By Kiah Easton, Contributor
Key Tracks: “Synth 1”, “Piano 1”, “Huckleberry”
Mount Vision is the second solo album of Emily A. Sprague, the lead singer of indie-pop sensation Florist. When working alone, Sprague throws out the guitar, takes a break from the soft vocals and starts twisting some knobs. Mount Vision, as well as her previous album, Water Memory, is about as ambient and meditative as it gets. This work really pushes its listeners to fall asleep in the most creative ways. Try it out before you sleep at night and you won’t make it to the last track.
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The first song on the album, “Synth 1”, launches its listener into a thick, sonic cloud. An almost invasively-spacial synthesizer oozes into every empty crevice of your brain with its lush, intoxicating presence. Just as your eyes start to roll into the back of your head, a sweet, bubbly melody brings you back to your senses and reminds you to keep breathing. The melody abruptly speeds up and begins tripping over itself in an uncharacteristic manner, giving the track a moment of contrasting urgency. Once again stabilizing, it gently guides you out of the numbingly-foggy noises and into the next aural environment.
If “Synth 1” was getting lost in a deep, dark, musical forest, then “Piano 1” is stumbling into a beautiful meadow that invites you to stroll through its flowers. The track’s lonely piano melody has a complex and spontaneous rhythm that keeps even the most stoic listener squirming ever so slightly in their seat. With the absence of the droning synths that accompany most of Sprague’s songs, this track feels clear and bright in the context of the album. The layered piano intertwining feels like two dancers who come close to touching but always lurch away at the last moment. The highest keys on the piano play quietly, tickling at the back of your neck with their percussive meanderings.
“Huckleberry”, the only track not named after its musical instrument, really stands out of the mix as a step away from the pure ambience that Sprague’s audience is accustomed to. The track bustles and purrs with a more playful energy. An almost animal-like clicking circles around the listener as if possessing a mind of its own. As the melody jumps around, the atmospheric sounds conjure up a mossy, fairy-inhabited world within your head (picture the 1992 animated film FernGully: The Last Rainforest).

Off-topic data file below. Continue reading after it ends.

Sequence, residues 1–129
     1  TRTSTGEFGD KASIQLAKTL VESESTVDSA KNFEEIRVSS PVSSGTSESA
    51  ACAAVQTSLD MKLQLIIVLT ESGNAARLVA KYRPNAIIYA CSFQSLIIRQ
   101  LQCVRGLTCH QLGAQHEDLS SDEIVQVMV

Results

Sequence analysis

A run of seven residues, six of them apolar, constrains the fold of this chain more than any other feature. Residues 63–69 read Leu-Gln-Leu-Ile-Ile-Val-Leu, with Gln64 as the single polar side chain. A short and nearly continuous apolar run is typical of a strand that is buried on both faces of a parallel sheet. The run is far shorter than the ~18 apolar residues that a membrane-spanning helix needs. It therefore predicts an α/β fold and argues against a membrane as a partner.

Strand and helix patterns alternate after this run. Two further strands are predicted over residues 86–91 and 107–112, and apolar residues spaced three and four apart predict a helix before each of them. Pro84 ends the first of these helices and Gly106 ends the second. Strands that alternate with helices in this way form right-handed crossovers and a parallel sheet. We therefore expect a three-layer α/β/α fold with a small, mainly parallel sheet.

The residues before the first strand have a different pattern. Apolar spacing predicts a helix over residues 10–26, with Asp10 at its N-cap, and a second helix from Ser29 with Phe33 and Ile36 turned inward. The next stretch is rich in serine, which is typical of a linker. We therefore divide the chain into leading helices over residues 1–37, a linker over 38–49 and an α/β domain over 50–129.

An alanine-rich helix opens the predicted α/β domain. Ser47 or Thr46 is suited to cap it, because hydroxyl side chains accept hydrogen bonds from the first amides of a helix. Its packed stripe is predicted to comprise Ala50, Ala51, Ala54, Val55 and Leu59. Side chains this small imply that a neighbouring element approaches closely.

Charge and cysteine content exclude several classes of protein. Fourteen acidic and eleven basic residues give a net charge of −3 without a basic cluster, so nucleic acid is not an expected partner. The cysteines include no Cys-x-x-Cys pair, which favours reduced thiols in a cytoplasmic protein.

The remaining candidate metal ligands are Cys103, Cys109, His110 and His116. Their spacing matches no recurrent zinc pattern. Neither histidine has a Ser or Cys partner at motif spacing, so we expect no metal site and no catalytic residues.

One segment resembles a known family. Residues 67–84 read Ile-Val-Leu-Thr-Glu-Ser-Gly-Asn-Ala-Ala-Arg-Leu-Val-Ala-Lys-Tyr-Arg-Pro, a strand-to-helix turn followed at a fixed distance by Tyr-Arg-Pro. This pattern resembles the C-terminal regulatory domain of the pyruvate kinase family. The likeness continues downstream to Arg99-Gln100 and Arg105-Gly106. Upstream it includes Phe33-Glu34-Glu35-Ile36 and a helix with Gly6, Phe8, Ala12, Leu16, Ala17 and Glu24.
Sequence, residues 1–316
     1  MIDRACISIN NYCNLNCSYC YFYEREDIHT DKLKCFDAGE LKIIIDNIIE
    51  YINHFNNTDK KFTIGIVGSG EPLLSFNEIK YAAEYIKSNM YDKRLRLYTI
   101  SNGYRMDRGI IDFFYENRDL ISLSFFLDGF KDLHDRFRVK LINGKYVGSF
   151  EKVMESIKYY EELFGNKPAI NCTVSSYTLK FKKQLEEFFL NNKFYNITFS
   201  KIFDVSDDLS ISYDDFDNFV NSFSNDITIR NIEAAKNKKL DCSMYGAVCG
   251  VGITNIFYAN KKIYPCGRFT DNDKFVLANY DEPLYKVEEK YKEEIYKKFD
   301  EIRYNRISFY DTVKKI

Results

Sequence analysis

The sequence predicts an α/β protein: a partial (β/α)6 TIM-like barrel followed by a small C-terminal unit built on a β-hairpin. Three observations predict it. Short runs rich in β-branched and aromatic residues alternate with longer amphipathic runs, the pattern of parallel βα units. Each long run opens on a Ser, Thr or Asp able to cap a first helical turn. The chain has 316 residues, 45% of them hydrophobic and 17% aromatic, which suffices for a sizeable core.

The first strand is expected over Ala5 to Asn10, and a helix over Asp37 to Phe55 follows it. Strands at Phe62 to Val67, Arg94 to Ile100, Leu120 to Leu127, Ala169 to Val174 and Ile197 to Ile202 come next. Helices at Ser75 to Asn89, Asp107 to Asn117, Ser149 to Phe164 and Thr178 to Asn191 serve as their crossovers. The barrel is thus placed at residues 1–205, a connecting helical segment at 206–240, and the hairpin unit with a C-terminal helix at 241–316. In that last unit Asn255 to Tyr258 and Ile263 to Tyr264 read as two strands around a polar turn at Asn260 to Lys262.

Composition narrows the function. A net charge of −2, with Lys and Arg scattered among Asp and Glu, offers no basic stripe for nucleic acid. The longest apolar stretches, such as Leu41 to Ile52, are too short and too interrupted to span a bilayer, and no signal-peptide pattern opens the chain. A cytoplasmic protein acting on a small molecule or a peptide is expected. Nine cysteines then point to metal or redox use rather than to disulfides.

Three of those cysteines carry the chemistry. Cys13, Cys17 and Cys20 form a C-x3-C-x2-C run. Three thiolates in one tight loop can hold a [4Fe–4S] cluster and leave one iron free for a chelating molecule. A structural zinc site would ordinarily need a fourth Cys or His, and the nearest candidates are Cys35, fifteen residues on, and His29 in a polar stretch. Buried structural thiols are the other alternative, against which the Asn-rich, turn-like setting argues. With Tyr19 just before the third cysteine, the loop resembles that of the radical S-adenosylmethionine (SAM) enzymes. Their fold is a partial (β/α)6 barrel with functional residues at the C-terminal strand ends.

As stated on the cover of the album, recording took Sprague a mere two days to complete; this is apparent through its simplicity and improvisational nature. It’s safe to assume that Florist is Sprague’s primary concern, and her solo work serves as more of an exploratory and therapeutic side project. Sprague may just be testing the waters in both her early releases, but it would be interesting to see a more-developed and deliberate project come out of her experimentation.
With this piece of work, Sprague continues to embark on her solitary adventure through the world of synthesis. From Water Memory to Mount Vision, a shift in energy is apparent, one that mimics her change in environment, moving from the Catskills Mountains to the bustling streets of Los Angeles. Her solo project represents a more internal and direct form of expression, with Water Memory being much more organic and earthy and Mount Vision housing a bit more of an energetic buzz with an undertone of playfulness. As Sprague replaced her stars with city lights, her art responded accordingly.